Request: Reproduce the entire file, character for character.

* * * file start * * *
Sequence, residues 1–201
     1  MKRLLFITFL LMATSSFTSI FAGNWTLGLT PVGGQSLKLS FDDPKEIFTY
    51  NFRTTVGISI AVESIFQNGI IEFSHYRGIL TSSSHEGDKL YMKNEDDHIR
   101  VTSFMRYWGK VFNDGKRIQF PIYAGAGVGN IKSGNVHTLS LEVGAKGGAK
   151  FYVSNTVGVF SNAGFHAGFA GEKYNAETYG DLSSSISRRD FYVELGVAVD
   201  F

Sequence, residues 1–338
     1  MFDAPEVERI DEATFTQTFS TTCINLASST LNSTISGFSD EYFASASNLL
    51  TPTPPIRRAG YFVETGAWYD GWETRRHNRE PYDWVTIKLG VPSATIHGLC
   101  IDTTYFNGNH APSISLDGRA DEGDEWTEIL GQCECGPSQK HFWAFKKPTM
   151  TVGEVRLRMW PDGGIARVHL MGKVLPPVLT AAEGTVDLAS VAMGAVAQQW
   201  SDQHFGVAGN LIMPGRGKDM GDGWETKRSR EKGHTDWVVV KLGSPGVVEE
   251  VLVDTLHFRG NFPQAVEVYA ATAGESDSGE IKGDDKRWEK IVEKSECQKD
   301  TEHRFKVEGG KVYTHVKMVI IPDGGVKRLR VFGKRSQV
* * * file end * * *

Sequence, residues 1–201
     1  MKRLLFITFL LMATSSFTSI FAGNWTLGLT PVGGQSLKLS FDDPKEIFTY
    51  NFRTTVGISI AVESIFQNGI IEFSHYRGIL TSSSHEGDKL YMKNEDDHIR
   101  VTSFMRYWGK VFNDGKRIQF PIYAGAGVGN IKSGNVHTLS LEVGAKGGAK
   151  FYVSNTVGVF SNAGFHAGFA GEKYNAETYG DLSSSISRRD FYVELGVAVD
   201  F

Sequence, residues 1–338
     1  MFDAPEVERI DEATFTQTFS TTCINLASST LNSTISGFSD EYFASASNLL
    51  TPTPPIRRAG YFVETGAWYD GWETRRHNRE PYDWVTIKLG VPSATIHGLC
   101  IDTTYFNGNH APSISLDGRA DEGDEWTEIL GQCECGPSQK HFWAFKKPTM
   151  TVGEVRLRMW PDGGIARVHL MGKVLPPVLT AAEGTVDLAS VAMGAVAQQW
   201  SDQHFGVAGN LIMPGRGKDM GDGWETKRSR EKGHTDWVVV KLGSPGVVEE
   251  VLVDTLHFRG NFPQAVEVYA ATAGESDSGE IKGDDKRWEK IVEKSECQKD
   301  TEHRFKVEGG KVYTHVKMVI IPDGGVKRLR VFGKRSQV